As my mind closed down to Spanish, language’s axe swung at me violently: no one in Spain spoke English. At all. From our gate guard to our mail man, to the dishwasher repairman, to the gardener, to the bus driver, to the butcher, to the cobbler – no one spoke English. Yet, I still had to function as a human and a mother: I needed to buy clothes and groceries; I had to get the internet installed; I was required to make doctor, dentist, and mechanic appointments; and most importantly, I wanted to find friends! Again and again, language’s axe swung down on me. I became isolated and lonely. Anxiety became my only close friend, stealing all of the joys that accompany a “remote” tour in a beautiful old culture because I was afraid to leave my house. My husband spoke English all day at work and my kids spoke English all day at school; they each had friends outside of the home with whom they could connect. I had strangers and no way to connect with them -
– until I decided to use the key.
It was clear I’d need a Spanish teacher, so I found one: an energetic, extroverted Colombian my own age. Her name is María Paz. A self-proclaimed “love doctor,” essayist, and proud divorcee, María has bronze skin, wild hair, a frank opinion on everything, and joie de vivre to surmount every cultural obstacle and misunderstanding between us. Although she speaks very little English, she can code switch between Colombian Spanish and Castellano – and had an interest in teaching me both. At a cozy, chic café in the heart of Madrid, over a cup of té verde, we began with basic lessons. María quickly realized that lists of colors or numbers weren’t enough; my mind moved fast to decode vocabulary and verb conjugations based on French structures. We progressed to conversations. At first, we conversed haltingly, but then accelerated.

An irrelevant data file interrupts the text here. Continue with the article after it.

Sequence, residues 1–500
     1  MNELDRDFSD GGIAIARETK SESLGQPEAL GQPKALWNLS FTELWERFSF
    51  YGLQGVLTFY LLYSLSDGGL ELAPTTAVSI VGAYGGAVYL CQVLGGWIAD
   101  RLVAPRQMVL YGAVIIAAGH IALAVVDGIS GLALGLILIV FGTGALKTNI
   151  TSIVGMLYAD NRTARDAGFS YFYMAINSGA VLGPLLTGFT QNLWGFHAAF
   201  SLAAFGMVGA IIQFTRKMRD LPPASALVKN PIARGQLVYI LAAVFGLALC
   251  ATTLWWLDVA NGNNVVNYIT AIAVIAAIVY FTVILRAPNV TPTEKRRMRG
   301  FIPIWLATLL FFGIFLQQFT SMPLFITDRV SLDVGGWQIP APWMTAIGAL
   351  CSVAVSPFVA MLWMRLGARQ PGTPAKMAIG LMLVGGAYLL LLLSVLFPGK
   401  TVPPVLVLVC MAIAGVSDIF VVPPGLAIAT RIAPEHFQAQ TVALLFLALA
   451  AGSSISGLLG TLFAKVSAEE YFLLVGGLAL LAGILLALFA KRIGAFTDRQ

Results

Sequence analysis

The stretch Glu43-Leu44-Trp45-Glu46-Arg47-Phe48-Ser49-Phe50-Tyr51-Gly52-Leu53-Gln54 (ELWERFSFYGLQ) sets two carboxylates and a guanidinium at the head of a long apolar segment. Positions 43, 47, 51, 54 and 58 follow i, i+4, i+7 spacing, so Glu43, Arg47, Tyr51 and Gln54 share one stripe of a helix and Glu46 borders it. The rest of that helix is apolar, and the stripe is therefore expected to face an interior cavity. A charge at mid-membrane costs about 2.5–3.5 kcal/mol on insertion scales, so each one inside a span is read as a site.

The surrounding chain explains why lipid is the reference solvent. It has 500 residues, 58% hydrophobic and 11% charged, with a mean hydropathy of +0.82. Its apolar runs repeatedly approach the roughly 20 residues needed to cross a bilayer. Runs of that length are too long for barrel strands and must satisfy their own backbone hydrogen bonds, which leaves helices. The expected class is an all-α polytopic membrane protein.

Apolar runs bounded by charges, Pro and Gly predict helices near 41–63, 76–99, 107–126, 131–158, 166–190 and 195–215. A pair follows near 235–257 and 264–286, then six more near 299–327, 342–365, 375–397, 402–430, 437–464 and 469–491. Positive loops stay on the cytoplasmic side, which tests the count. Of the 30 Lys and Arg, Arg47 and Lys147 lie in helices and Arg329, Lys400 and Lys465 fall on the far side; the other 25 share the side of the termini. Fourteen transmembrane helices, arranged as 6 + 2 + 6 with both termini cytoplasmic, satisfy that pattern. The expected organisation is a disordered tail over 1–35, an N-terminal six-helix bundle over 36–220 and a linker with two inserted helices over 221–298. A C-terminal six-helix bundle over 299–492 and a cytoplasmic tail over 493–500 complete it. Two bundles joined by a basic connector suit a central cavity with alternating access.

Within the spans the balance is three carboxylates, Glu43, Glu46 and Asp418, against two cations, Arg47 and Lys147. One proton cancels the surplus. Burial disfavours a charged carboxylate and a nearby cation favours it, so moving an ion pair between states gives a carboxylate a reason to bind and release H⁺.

Over the next year and a half, Spanish came to me inevitably. María Paz placed the key in my hand, and I began to open doors with it. No longer afraid, I begged the startled cobbler to re-sole my Texan cowgirl boots, I asked the aloof grocer whether I needed to weigh my parsley and kale, I told the young gardener that the shrub was “demasiado gordo,” and I understood when the satellite dish technician requested a taller ladder. I surprised myself when I recognized the dishwasher repairman attempting to swindle me. My confidence soared when my husband shoved me forward at the auto repair shop so that I could talk to the mechanic about timing belts. And when I recognized María had become my first friend in Madrid, I knew I was going to be OK. My anxieties melted away, and my children and husband began relying on me to guide them; we saw Spain together, basking in each new discovery because I held the key in the palm of my hand without fear.
It has become clear to me: how language is used depends upon the intentions of the user. It can be an axe, used to divide – with profound consequences. Thankfully, however, it can also be a key, used to decipher, include, incorporate, and fit in. Whether the language is a formal one, like Rodriguez’s Spanish, or whether it is informal, such as Alexie’s Indian children’s cultural and family language, it is always a tool – and since man has spoken words, it always has been. Although in Babylonia God initially used language as an axe, this does not change the fact that God gave us a tool with two uses: axe and key. Choose to use it wisely.
Alexie, Sherman. “Superman and Me.” Reading Literature and Writing Argument, edited by Missy James and Alan Merickel, 4th ed., Longman, 2011, pp. 208-210.
Rodriguez, Richard. “The Chinese in All of Us: A Mexican American Explores Multiculturalism.” Reading Literature and Writing Argument, edited by Missy James and Alan Merickel, 4th ed., Longman, 2011, pp. 230-236.